resident Obama and lots of other people argue that allowing the Bush tax rates to expire will do no harm. After all, they argue, the 1990s economy performed pretty well with those tax rates so what’s the problem? Well, as Joel Harris points out, it wasn’t tax rates that determined economic growth in the 90s:
There is another major difference between the late 90s and now that I think has an even large effect. From 1995 to 2002 the dollar rose almost continuously and capital flowed to investments in the US. In fact, one reason we got excessive investment in the IT sector (i.e. the internet bubble) was that foreigners starting shipping capital here merely because the dollar was rising. The excess capital had to go somewhere and at the end it was going into anything that could remotely be defined as technology. Since then, the opposite has been the norm and the results are pretty plain. Tax rates are only one factor in the growth equation and not even close to the most important. If we let the Bush tax rates stay in place and continue to pursue policies that weaken the dollar, the results will be disappointing. If we let tax rates revert to Clinton levels and pursue policies that strengthen and then stabilize the dollar the results will be much better. Tax rates are not irrelevant but the dollar is much more important to capital formation and investment. Unfortunately, neither political party seems all that interested in the role of the dollar.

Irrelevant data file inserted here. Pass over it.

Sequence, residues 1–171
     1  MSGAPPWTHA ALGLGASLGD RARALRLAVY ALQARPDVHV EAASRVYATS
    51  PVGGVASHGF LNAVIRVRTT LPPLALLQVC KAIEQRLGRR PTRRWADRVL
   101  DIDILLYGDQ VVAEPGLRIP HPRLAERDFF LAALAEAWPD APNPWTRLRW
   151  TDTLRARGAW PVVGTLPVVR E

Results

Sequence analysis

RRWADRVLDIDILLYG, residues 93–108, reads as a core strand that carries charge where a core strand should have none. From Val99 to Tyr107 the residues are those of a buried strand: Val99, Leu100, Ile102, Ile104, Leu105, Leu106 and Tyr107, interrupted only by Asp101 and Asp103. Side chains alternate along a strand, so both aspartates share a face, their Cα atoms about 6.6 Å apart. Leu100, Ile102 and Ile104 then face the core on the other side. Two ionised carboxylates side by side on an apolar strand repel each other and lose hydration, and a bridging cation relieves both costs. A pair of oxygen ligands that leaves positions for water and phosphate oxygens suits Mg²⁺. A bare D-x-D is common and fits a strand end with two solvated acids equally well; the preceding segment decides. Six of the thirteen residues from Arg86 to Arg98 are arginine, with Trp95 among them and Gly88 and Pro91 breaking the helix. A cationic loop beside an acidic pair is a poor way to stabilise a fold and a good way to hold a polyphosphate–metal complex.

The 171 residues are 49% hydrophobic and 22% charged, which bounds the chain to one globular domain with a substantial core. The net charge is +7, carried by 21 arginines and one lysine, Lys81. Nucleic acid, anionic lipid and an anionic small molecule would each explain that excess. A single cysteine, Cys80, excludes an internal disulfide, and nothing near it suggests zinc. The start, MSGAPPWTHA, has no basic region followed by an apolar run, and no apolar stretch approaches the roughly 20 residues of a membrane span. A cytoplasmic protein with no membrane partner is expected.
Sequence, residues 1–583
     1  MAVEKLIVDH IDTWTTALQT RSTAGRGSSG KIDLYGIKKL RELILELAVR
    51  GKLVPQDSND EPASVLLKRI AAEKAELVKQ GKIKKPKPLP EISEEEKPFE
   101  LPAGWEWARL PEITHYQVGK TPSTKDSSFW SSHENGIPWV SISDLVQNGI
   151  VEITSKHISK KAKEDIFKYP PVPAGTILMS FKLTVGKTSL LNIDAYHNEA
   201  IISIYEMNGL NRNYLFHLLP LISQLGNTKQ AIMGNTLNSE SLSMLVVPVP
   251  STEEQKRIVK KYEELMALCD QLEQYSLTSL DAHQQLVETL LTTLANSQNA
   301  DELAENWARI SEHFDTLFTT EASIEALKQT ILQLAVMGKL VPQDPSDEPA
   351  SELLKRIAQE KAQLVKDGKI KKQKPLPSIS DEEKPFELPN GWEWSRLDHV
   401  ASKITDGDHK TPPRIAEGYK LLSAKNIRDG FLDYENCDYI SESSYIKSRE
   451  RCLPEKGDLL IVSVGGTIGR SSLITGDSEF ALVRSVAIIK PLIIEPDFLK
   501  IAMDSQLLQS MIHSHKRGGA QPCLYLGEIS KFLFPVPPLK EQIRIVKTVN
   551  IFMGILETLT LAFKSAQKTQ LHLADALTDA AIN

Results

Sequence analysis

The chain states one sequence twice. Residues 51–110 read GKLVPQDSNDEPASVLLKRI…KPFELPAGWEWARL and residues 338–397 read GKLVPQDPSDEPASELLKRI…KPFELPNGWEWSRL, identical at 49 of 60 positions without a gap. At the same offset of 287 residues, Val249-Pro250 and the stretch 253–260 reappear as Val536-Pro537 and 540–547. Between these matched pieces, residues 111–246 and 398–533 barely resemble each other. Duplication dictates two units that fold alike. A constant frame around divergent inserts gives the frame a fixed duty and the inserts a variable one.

The story of the 1990s economy holds an important lesson for today’s tax debate, but it’s not the one the Administration intends by invoking it. While the Clinton-era expansion did indeed take place under higher tax taxes, it was largely due to crucial changes in IT production and investment that led to growth and once-in-a generation productivity gains. The lesson here is a basic but important one: the past doesn’t predict the future. If the Administration believes there are similar productivity gains on the horizon that will lift the U.S. economy out of its financial crisis-induced hangover, it should explicitly identify the source of these gains. Otherwise, the 1990s experience provides no guidance for what to do about the tax policy set to expire on January 1.